The Future Of Queen’s Honours – Will They Continue?

by | Sep 9, 2022

We are deeply saddened to hear of the Queen’s passing. Our hearts go out to the Royal Family and the rest of the nation as we all try to process this tremendous loss. Her decades of stalwart service, immense fortitude and calm leadership in times of turmoil set a shining example for the world’s leaders and her impact will echo for generations to come.

As the nation’s leading authority on the Royal Honours process, we have been asked about the future of the process and whether we envisage changes. If you’re worried and wondering about the future of the “Queen’s Honours”, we’re here to set your mind at ease.

Will the Queen’s Honours continue?

We have no doubt. While the “Queen’s Honours” is the commonly-used name, the official name is the Most Excellent Order of the British Empire. It was founded by King George V over 100 years ago. And, over time, will probably become commonly known as “King’s Honours” as Charles and William take the throne in succession. However, it’s important to note that none of the official names of the various honours (OBE, MBE, CBE etc) refers to “Queen” herself. This is just colloquial nomenclature for the honours as, during their reign, the monarch is the sole person who awards these honours.

What about iconography?

Yes, those will change. Our currency, symbols and official correspondence will adjust to the new reigning monarch, but not overnight. While Charles became King instantaneously, the Coronation won’t take place for several months. And it’s largely after that ceremony when you can expect to see King Charles III represented on our stamps, money and the like.

What about The Birthday Honours List?

You may remember that one of the announcements of Queen’s Honours happens on her official birthday. But this is a state occasion that isn’t on her actual birthdate and it’s likely that King Charles III will maintain the same official birthday. This is because, since 1748, it has been timed to coincide with the Trooping of the Colour ceremony. So, at this stage, it seems likely that there will continue to be two Honours announcements; one for the New Year and one for the official birthday of King Charles III in June; as it always has been.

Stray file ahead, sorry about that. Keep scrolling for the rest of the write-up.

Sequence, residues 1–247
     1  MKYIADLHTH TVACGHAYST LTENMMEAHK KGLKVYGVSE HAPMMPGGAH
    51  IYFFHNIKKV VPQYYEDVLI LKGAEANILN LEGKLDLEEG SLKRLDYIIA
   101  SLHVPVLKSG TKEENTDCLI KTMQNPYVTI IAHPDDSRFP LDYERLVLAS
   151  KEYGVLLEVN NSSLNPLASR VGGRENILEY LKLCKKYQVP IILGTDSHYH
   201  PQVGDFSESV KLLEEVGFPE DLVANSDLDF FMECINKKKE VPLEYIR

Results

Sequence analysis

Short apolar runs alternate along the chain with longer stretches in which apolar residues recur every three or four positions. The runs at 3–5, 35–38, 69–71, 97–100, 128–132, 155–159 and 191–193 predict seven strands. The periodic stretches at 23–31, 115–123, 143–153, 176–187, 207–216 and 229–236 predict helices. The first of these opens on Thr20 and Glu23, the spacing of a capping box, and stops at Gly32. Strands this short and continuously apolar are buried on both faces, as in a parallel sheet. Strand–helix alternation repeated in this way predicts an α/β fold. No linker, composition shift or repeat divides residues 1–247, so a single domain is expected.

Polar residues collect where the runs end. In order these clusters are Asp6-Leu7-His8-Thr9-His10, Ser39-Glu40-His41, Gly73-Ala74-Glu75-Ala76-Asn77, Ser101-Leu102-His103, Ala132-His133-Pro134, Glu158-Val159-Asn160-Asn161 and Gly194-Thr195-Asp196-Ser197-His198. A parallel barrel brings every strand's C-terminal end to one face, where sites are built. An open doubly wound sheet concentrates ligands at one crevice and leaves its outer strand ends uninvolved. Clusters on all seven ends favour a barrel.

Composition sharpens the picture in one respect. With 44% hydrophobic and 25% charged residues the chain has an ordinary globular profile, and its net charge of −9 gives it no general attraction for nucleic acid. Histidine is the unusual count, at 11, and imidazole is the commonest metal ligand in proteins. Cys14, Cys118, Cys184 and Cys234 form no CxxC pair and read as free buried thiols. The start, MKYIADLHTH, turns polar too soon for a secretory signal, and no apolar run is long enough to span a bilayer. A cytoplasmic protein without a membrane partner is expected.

What will change?

We don’t think that much will change. This process is primarily a Governmental one, run by the civil service and Cabinet Office, with priorities set by the Prime Minister. While we will eventually stop referring to the awards as the Queen’s Honours and might start calling them the King’s Honours, it’s fair to assume that there will be no material changes to this process as the new chapter unfolds. And we expect all nominations which were submitted under the Queen’s reign to still be considered by the government and awarded as always by our new monarch.

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